Total area: 358 acres
Address: Rose Hill Rd., Addington Highlands, ON, K0H 1L0
Parking: There are two parking areas – To access Brodey Trail travel 1.6 km to roadside parking on the right. To access Pumpkin Trail travel a further 1.8 km to roadside parking on the left
Total Length of Trails: 2 km of marked trails
Terrain/Accessibility: A remote area with ponds, wetlands and creeks. It is at a high elevation for Eastern Ontario and is dominated by several long, steep ridges with rock outcrops and glacial erratics common on the domed hills and slopes. It is suitable for hiking. Property is difficult to access for winter activities.
Dogs: Permitted. Must be kept on a leash and pet waste picked up and removed.
The first 100-acre parcel of Rose Hill Nature Reserve was donated to MMLT in December 2011 by sisters Bethany Armstrong and Charlene Bernhardt. It had been in the hands of the donors’ family since the 1940s. Their property had been used recreationally for periodic hikes and picnics beside Moose Pond. The rugged Pumpkin Trail traverses the property. Charlene and Bethany are gratified that this wonderful tract of forest and wetlands will be cared for and conserved in perpetuity, to be shared by all future generations. They know that their father Charlie would have been simply delighted!
On an early visit to Rose Hill, one of our MMLT volunteers exploring the area discovered a large bronze plaque mounted on the side of a huge glacial erratic boulder. We were stunned to read on the plaque that the property was intended to be preserved. We eventually tracked down the owner, Patricia Hatton, who now lives in Bar Harbour, Maine, to let her know that, in fact, a Nature Reserve was right next door to her property. That began a friendship with Patricia and her husband John which resulted in the donation of an additional 258 acres to Rose Hill Nature Reserve.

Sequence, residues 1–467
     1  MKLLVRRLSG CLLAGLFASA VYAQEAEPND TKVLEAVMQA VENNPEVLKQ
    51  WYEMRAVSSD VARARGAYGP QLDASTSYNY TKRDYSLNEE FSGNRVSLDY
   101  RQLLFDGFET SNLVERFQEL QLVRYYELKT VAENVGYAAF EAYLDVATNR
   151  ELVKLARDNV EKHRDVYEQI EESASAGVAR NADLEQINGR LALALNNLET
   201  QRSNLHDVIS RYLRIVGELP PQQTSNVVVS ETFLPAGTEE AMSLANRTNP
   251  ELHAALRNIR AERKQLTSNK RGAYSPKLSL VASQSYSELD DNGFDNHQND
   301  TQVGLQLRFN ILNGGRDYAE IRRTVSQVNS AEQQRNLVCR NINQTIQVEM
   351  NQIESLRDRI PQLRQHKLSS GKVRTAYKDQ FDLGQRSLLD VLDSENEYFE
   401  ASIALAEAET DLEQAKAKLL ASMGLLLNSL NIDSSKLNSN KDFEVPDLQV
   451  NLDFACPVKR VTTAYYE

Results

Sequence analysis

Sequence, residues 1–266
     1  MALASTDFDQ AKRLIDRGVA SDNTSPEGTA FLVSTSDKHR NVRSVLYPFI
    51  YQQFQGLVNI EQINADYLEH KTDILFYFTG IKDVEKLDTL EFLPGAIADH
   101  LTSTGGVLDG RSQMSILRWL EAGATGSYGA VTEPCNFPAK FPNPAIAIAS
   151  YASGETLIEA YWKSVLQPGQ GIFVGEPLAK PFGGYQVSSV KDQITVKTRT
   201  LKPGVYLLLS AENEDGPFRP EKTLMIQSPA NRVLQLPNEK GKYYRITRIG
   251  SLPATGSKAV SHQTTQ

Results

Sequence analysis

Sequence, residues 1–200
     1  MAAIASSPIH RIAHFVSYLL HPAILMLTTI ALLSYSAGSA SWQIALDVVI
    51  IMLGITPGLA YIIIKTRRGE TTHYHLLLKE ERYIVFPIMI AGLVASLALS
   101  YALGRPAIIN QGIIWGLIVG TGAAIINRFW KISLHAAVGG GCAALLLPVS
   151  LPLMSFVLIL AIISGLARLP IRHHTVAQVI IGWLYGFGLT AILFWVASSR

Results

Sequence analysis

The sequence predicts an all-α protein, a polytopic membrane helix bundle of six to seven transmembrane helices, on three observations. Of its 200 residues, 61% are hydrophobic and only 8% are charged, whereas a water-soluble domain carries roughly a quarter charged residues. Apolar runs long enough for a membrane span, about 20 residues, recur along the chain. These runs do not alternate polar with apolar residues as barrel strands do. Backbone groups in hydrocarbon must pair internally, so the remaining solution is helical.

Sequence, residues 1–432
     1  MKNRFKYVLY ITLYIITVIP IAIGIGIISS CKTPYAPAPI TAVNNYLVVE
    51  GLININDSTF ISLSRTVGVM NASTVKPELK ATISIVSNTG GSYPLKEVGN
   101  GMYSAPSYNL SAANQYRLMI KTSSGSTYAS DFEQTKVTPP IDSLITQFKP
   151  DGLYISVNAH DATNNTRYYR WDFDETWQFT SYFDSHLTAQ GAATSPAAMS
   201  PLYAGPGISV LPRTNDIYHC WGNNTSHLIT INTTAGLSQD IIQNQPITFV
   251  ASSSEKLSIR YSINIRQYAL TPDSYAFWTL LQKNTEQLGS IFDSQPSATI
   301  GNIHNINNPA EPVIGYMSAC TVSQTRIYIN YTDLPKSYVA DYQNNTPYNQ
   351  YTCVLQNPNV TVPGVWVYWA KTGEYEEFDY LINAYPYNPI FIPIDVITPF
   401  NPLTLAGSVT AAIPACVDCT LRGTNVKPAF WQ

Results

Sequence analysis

Patricia Hatton has now ensured that her promise to her late husband, Robert Brodey, will be fulfilled and the place they had enjoyed so much will be preserved as it is forever so that others will learn to love and respect nature as he did. MMLT plans to re-open some of the old trails they had developed. Patricia established the Brodey Fund in honour of her late husband specifically for research and stewardship activities on this wilderness property.
The topography of the property is dramatic—four major hills reach over 420 m while adjacent valley floors are 50 m below (a drop of 162 feet). The acid, granitic bedrock of the Canadian Shield dominates the reserve, but calcitic and dolomitic marble as well as metamorphosed calcareous sediments occur at the northwestern and southeastern corners of the reserve enabling many regionally noteworthy calciphile plant species to persist. Sandy loam soils cover the shallow till. Twenty-two ecological communities were recognized on the reserve. Most of the upland terrain is forested with sugar maple, mixed hardwood, hemlock, cedar and white pine. Lowland areas support treed swamps of ash, cedar and mixed species, as well as thicket swamp. Uncommon natural communities include red spruce swamp, fen, meadow marsh and rock barren. Cultural meadow and woodland are found in the area farmed in the past. Two entire ponds and portions of two additional ponds are found on the property and all drain toward the north end of the reserve. The only creek that enters the reserve flows from Rose Hill Rd. into Mud Pond.
The large size of the reserve and the fact that it is contiguous with other sizable areas of Crown land is noteworthy. Rose Hill Nature Reserve provides habitat for 56 species of birds, 15 species of which are area-sensitive. Of the total 389 vascular plant species found on the reserve, 338 are native and 51 are non-native. Regionally uncommon (104), sparse (34), and rare (27) vascular plants make up 49% of the native flora. Pond shorelines have poor fen habitat rich in regionally noteworthy plant species. The occurrence of red spruce, considered vulnerable in Ontario, is unusual as it is near its western range limit. A total of 90 bryophytes (mosses and liverworts) have been found on the reserve, 30 of which are first records for Lennox and Addington County. Twenty-six insects, 13 mammals, 9 frogs, 2 snakes, 2 salamanders and 2 turtles have been observed at the reserve. Species at Risk include the Western Chorus Frog (threatened) and the Monarch Butterfly, Eastern Wood-pewee and Bald Eagle (special concern).